by Scott Roos
photos as marked
To many, The Brothers G, a blues/rock power trio made up of brothers Jason (guitar/vocals) and Jordan Gall (drums/vocals), with friend Elias Brevik (bass) may be best known for their work as “sidemen” to singer-songwriter Kit Langfield and the comic, country music stylings of Jolie Blue. To each of these artists, the threesome have arguably created the sonics that enhance and improve the overall vibe. They have proven their adaptability time and time again causing many within the Saskatchewan music scene to sit up and take notice.
When referring to the “sidemen” work that the band does, Jordan saw it as an opportunity for the group to branch out, challenging each member in different and unique ways.
“It’s a really fun kind of break for ourselves…. We get a good rush from playing (different styles) of music and getting that diversity going,” Jordan told NSMZ in a recent ZOOM call.
Hailing from the small town of Hafford, Saskatchewan, a town that, in their own words is, “in the middle of nowhere", the three guys learned their craft early on. The dusty streets of small town rural life likely not presenting much to wile away the hours, and the unforgiving cold forcing many indoors, the opportunity presented itself early on for them to pick up instruments and methodically figure out how to use them. They made use of the opportunities locally when they were made available, and when those were exhausted, they started to venture out to Saskatoon which was about an hour's drive away.
“When we were starting up. I guess I would have been 13, Jason was ten, eleven years old there were a couple of bars locally. The school (used to) always put on a music festival. There was definitely more music and entertainment stuff going on when we were just starting to play,” Jordan continued.
“We all come from farming backgrounds and the three of us in the Brothers G all didn’t follow the cliche or the stereotype for what a kid in Hafford is supposed to be doing, I guess. We didn’t play football. We just just strayed away from the line in a way,” Jason related.
The guys, like many who come up through the blues scene in the Saskatoon area (Shaun Verreault of the famed Widemouth Mason included), cut their teeth at the renowned Buds on Broadway at first playing the afternoon jams and then later graduating to full fledged headliners in their own right. Their talent must have been undeniable as was the palpability of their drive to continue advancing up the ladder.
“We definitely owe a lot to that whole (Buds On Broadway) scene,” added Jordan, “We were really fortunate. They gave a bunch of hillbilly kids a chance to get on stage and let loose and the people seemed to enjoy it so we kept coming back…''
*Photos by Melanie Macpherson
Fast forward a few years and The Brothers G have just released their debut, self-titled full length via Powder Room Recordings. Everything was done “in house” in the Gall’s home studio set-up in Hafford. Each track, at least instrumentally, was recorded live off the floor with the vocals being added in later with the exception of “Black Gold” and “Copycat Blues” which was entirely done live off the floor.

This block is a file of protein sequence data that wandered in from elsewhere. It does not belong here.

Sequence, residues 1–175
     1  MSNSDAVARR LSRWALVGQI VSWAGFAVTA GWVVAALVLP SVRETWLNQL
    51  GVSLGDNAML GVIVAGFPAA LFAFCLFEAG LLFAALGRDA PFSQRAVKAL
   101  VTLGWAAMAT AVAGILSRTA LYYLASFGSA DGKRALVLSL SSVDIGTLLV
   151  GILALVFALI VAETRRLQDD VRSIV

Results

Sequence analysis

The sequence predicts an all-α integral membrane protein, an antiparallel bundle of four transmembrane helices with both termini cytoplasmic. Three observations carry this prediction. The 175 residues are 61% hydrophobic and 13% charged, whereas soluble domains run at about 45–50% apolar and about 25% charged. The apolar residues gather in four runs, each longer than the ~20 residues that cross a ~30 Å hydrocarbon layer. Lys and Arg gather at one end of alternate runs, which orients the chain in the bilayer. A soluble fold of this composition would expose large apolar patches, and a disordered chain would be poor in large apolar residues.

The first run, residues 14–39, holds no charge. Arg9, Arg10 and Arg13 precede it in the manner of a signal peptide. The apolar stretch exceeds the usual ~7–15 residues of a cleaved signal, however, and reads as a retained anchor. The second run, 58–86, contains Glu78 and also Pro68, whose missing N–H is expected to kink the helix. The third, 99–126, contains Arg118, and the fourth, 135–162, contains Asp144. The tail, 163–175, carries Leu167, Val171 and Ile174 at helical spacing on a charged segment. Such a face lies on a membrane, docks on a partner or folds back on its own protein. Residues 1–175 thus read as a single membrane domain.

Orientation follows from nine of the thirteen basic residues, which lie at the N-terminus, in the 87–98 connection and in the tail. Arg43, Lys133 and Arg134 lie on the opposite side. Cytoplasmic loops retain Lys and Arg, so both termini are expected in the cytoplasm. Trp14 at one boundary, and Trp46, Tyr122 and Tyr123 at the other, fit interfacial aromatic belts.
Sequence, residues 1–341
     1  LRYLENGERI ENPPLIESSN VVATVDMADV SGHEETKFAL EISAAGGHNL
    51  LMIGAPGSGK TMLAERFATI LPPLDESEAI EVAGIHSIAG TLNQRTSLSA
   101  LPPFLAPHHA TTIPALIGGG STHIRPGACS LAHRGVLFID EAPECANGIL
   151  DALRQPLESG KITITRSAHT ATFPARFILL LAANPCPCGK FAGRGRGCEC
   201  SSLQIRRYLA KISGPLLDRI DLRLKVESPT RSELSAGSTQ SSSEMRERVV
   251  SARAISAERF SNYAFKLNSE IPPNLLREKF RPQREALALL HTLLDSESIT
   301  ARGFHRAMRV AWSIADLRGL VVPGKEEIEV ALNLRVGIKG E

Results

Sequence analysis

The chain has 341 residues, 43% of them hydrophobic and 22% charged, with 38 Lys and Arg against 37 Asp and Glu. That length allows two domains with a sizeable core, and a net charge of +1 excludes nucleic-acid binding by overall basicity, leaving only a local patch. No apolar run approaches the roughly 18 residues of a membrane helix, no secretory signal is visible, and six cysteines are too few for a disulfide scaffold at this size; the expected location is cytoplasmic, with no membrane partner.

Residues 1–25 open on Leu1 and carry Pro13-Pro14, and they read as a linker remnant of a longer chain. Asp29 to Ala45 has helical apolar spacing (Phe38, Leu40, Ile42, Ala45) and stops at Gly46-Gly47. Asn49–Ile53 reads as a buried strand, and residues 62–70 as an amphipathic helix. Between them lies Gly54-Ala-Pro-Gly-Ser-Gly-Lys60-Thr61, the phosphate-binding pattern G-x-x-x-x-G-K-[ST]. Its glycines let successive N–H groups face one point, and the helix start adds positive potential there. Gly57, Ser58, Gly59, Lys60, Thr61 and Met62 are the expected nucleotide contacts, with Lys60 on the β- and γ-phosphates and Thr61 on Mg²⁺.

“We have a little studio (in Hafford) that we built in our parent’s garage. We’ve (tracked everything) in there. It's all homegrown. That’s how we like to do things: in house,” Jordan explained.
“We were just trying to present ourselves in the songs that we had been playing live for the last two years as you would hopefully hear it in a club,” Jordan added.
Sonically, then, the record has a rawness to it. The organic nature of the whole thing has blues/rock leanings to be sure but also has a kind of psychedelic edge letting everything all hang out; sort of like a keyboardless Steppenwolf or pre-Machinehead era Deep Purple, Hendrix, Big Brother and the Holding Company… Something like that with a touch of twang and some garage rock thrown in for good measure. Brevik even launches into an Entwistle (The Who) style bass solo run on the rambunctious, irreverent rocker “Bitch Got a Gun”.
“I draw influence from a lot of different genres of music and different musicians. I wouldn't say that (playing like John Entwistle) is out of the realm of possibility or that he was in my head when I did that. A lot of what I come up with though it's kinda hard... I think about the song and what it needs and my brain almost just puts my lines underneath it. I experimented around with it and that's what came out.
“That's really all the music we listen to is primarily from 1968 to 1970 really. That's our shit right there,” said Jason, “I think the thing with music like that and what draws us to it is how organic and how natural it is and how raw it is and that's exactly what we wanted to accomplish with this record is let's just be down and dirty and greasy and just show that to people.”
It’s interesting to hear the influences when they’re a band known for not necessarily looking the part. Often donning dusty Levis and cowboy hats, when The Brothers G take the stage, the expectation is probably that they are about to rip a solid country track and while there is a BIT of that in their sound it’s definitely not as prominent as you think it would be on this record.
“We like playing rock n roll in cowboy hats, that's pretty much what we do,” Jason confessed.
When it comes to The Brothers G that pretty much sums it all up.